LANSING — Billions of dollars in annual payments to reduce government pension liabilities are finally resulting in the state having more available cash to spend on programs, Gov. Gretchen Whitmer is expected to announce when she presents her sixth state budget Wednesday.
The state’s financial position has improved significantly since Whitmer took office in 2019. But Whitmer’s claim in her January State of the State address that she has paid down $18 billion in state debt since taking office is not supported by data from the State Budget Office.
And critics say that Whitmer’s plan to save about $670 million by reducing state payments to the Michigan Public School Employees Retirement System (MPSERS) is premature and a sign the governor is searching for revenues to fund programs she launched or expanded with the help of short-term federal COVID-19 funding and huge budget surpluses that have since largely dried up.
Has Whitmer reduced state debt by $18 billion?
Whitmer, a Democrat, said in her Jan. 24 speech at the Capitol that her administration has “paid down $18 billion of debt” since she took office.
How much a state government owes is important because interest payments on debt can take money away from other priorities. Having too much debt can also restrict a state’s ability to borrow money when it needs to do so, and/or significantly increase the cost of borrowing. In the case of pensions, excessive unfunded liabilities can result in retirees receiving fewer benefits than they were promised and/or increased contribution requirements for government workers and/or retirees.
Asked to provide a breakdown of Whitmer’s debt reduction number, the State Budget Office provided a summary of annual payments the state has made into three state pension funds since 2020 — the first budget year impacted by Whitmer’s policies.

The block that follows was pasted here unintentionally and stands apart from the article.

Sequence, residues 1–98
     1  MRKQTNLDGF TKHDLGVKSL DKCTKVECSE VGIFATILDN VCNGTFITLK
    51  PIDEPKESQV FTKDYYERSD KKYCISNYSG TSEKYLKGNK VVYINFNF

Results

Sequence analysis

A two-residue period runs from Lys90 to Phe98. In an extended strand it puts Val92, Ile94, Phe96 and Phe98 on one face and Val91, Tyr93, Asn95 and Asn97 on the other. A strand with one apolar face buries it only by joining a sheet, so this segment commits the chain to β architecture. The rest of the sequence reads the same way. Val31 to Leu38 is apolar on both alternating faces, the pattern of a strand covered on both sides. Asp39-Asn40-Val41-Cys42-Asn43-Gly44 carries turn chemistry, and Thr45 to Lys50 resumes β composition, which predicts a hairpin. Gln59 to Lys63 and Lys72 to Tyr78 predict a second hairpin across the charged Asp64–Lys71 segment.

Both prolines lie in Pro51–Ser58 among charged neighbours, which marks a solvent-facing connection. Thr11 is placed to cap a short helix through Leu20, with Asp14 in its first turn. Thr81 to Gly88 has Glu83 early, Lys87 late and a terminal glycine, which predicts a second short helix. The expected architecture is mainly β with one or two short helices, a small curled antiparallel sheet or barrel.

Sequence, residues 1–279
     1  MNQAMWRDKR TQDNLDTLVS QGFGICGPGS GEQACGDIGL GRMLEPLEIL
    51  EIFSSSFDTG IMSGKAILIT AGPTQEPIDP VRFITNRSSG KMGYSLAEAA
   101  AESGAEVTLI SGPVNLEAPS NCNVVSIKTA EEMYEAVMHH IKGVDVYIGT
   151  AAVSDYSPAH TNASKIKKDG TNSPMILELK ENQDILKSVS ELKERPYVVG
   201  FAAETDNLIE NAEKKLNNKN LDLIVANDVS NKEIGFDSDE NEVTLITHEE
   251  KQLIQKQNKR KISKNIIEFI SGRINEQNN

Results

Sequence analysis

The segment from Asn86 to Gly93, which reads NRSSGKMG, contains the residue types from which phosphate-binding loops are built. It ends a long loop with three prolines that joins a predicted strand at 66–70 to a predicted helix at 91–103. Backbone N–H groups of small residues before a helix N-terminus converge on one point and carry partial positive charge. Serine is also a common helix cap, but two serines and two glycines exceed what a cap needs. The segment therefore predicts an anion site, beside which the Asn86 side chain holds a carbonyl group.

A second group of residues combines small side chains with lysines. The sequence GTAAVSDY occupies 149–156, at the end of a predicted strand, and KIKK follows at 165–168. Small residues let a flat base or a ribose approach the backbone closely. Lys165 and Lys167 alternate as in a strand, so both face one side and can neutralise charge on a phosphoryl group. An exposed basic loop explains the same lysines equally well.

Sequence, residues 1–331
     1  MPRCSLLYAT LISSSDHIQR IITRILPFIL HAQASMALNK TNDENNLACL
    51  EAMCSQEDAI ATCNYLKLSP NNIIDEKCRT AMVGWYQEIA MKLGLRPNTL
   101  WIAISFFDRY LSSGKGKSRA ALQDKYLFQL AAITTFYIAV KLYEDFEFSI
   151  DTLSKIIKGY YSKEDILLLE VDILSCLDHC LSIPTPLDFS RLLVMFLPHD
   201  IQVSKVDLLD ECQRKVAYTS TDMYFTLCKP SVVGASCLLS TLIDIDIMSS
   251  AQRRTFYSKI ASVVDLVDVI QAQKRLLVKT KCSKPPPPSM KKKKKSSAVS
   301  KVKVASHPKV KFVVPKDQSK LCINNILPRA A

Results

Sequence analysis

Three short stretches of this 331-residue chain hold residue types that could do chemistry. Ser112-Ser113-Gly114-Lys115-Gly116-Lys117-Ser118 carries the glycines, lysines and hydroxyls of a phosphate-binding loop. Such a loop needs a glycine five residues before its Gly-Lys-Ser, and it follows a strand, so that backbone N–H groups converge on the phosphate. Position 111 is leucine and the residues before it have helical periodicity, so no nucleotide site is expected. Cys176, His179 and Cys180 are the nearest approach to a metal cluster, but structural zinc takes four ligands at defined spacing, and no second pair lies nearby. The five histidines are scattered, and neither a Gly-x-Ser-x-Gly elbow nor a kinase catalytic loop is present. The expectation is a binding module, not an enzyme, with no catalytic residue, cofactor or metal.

Since the 2020 fiscal year, the state has paid $11.3 billion into the Michigan Public School Employees Retirement System, just under $6.3 billion into the State Employees Retirement System, and a little over $792 million into the State Police Retirement System, for a total of just under $18.4 billion, said Lauren Leeds, a spokeswoman for the Department of Technology, Management and Budget.
But equating annual payments with annual reductions in overall pension fund liabilities is a little like equating annual mortgage payments with reductions in an overall mortgage. They don’t track one for one. For example, the State Budget Office said the state paid just under $5.4 billion into MPSERS between 2020 and 2022. But during that time, unfunded MPSERS health care liabilities decreased by just over $3.6 billion while unfunded MPSERS pension liabilities increased by more than $1.2 billion, to nearly $35 billion, for a net overall reduction of about $2.4 billion, according to data published by the Senate Fiscal Agency.
Also, looking only at three pension funds provides no information about overall state debt. Long-term bonded debt, for example, increased to about $6.4 billion in 2022 from about $6 billion in 2020, according to the most recent annual comprehensive financial reports published by the state.
Leeds has not responded to questions sent Jan. 26 about the debt reduction breakdown she provided and changes in overall state debt.
Does that mean reducing pension payments is misguided?
Though MPSERS unfunded pension liabilities remain significant, the state calculates that unfunded MPSERS health care liabilities, which were reduced from $3.7 billion in 2020 to $88.6 million in 2022, are now about to hit zero, Whitmer spokesperson Bobby Leddy confirmed Tuesday.